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When most of us hear the term “mission statement,’’ we think nerdy and boring—two words that don’t fit with PTOs.

After all, a mission statement, which is a summary of an organization’s purpose, sounds like it belongs on a whiteboard in a corporate office. But if you are willing to try creating one, you may find it could be very helpful for your group.

A mission statement spells out what your group values and strives to accomplish. It comes in handy when a group is making big decisions, like selecting a fundraising partner or enrichment programs, so you know your choices fit without the group’s overall objectives. (It’s worth noting that groups are required to have one when they apply for 501(c)(3) status.)

Sometimes PTO officers feel intimated because “mission statement” sounds so formal, but it doesn’t have to be perfect prose. In fact, you probably already know your group’s mission in your heart.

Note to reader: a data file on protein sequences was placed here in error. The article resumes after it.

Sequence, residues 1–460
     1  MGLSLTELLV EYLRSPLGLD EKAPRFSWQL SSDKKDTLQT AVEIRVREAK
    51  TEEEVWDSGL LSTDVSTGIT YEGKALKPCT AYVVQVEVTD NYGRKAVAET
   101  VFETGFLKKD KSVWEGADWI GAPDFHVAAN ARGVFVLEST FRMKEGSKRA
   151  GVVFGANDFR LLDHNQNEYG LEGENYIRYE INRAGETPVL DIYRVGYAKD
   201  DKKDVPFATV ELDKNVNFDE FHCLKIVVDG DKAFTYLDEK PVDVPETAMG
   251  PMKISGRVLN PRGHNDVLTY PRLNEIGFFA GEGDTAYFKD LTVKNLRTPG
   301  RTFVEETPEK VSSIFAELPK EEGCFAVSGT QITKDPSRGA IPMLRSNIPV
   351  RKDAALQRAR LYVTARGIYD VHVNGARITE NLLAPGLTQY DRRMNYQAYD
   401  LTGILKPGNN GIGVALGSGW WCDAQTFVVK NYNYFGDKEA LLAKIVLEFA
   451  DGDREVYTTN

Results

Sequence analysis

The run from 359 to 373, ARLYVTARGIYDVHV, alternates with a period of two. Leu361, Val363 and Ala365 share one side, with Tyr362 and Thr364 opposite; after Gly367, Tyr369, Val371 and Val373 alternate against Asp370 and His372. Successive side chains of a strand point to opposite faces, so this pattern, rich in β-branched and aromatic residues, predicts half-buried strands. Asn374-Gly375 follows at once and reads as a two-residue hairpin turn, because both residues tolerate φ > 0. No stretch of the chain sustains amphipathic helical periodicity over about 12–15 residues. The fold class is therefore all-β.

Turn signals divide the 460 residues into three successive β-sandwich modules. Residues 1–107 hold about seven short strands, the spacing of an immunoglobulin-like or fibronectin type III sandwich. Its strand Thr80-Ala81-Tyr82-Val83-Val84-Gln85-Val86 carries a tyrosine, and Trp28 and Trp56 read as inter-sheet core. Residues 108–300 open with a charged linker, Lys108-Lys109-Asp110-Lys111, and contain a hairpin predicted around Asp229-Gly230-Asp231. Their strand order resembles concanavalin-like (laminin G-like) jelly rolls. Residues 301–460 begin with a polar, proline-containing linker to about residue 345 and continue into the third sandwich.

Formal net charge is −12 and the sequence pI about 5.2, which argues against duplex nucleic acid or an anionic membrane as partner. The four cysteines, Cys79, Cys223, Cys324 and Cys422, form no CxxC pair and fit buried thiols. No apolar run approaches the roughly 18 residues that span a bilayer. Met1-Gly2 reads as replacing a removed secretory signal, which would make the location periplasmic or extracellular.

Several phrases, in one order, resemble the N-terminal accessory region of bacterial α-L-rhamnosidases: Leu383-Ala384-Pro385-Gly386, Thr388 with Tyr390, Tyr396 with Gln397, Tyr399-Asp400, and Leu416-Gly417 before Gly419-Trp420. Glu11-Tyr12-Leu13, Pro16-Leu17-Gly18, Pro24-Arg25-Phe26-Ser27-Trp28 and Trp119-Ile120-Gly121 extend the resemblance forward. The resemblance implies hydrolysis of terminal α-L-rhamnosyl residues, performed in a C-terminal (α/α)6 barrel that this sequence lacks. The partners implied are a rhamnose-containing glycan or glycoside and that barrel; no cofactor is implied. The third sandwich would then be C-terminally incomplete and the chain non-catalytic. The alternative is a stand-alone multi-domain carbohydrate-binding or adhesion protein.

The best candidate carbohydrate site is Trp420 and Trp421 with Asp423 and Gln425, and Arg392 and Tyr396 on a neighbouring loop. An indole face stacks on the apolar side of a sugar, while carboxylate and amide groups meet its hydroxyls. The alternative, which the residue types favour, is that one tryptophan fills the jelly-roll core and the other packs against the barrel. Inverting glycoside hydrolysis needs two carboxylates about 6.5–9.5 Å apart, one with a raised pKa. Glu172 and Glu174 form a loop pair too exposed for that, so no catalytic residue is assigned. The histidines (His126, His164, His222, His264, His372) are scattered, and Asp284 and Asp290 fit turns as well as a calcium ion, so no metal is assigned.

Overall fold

To help put it into words, ask parents to join you in a brainstorming session in which you ask open-ended questions to encourage conversation.

Questions that promote discussion include:

  • What are the top two or three things you want for the children?



  • If you could describe our community in a few words, what would they be?



  • Imagine our PTO two years from now. How would you describe it?


As people offer opinions, take notes. Common threads in the discussion will start to emerge and key points of the mission statement will take shape.

After this meeting, the board can put together a mission statement that reflects the input of the group. It should be simple and to the point, addressing general goals and avoiding any specifics that would be outdated within a few school years. Publish it on the group’s website, update it in the group’s bylaws, and talk about it at your first meeting next year.

Here are some resources to help: